A scientist who worked at a Theranos partner said that her company did not “comprehensively validate” the diagnostic startup’s proprietary devices, undermining a claim that founder Elizabeth Holmes allegedly made to investors.
Victoria Sung had been tasked with evaluating Theranos’ Edison device for her employer, Celgene, which had a small contract with the startup. What she saw suggested that the device was not ready for use with patients.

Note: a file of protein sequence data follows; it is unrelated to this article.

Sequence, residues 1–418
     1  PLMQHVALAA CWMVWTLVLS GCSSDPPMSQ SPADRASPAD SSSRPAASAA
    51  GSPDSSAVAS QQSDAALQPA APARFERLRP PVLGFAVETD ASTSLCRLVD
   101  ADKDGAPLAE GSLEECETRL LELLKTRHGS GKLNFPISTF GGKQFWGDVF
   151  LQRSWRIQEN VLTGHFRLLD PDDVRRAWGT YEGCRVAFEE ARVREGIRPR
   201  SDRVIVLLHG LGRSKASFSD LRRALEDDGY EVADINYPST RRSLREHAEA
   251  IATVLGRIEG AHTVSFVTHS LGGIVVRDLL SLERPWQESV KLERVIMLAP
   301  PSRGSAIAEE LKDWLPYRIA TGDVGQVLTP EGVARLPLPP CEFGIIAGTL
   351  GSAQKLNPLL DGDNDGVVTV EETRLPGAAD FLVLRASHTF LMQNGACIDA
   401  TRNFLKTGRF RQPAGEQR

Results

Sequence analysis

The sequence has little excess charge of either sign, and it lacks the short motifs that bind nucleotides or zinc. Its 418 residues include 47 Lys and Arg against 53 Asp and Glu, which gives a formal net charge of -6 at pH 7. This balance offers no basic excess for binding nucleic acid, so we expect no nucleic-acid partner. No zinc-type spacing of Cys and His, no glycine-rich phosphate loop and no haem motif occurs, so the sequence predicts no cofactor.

Initially, Celgene and another pharmaceutical company, GlaxoSmithKlein, were intrigued by the promise of Theranos’s devices. QPS, the gold-standard of diagnostic testing, needs 2 ml of blood. But Theranos promised to do it with 0.25 ml, and the company claimed it was able to get good results with whole blood, which Sung described as “very nice.” The problem was, just over 14 percent of Theranos samples failed to produce usable results compared with less than 2 percent for QPS. Was that good or bad, the prosecution asked her? “Bad,” Sung replied.
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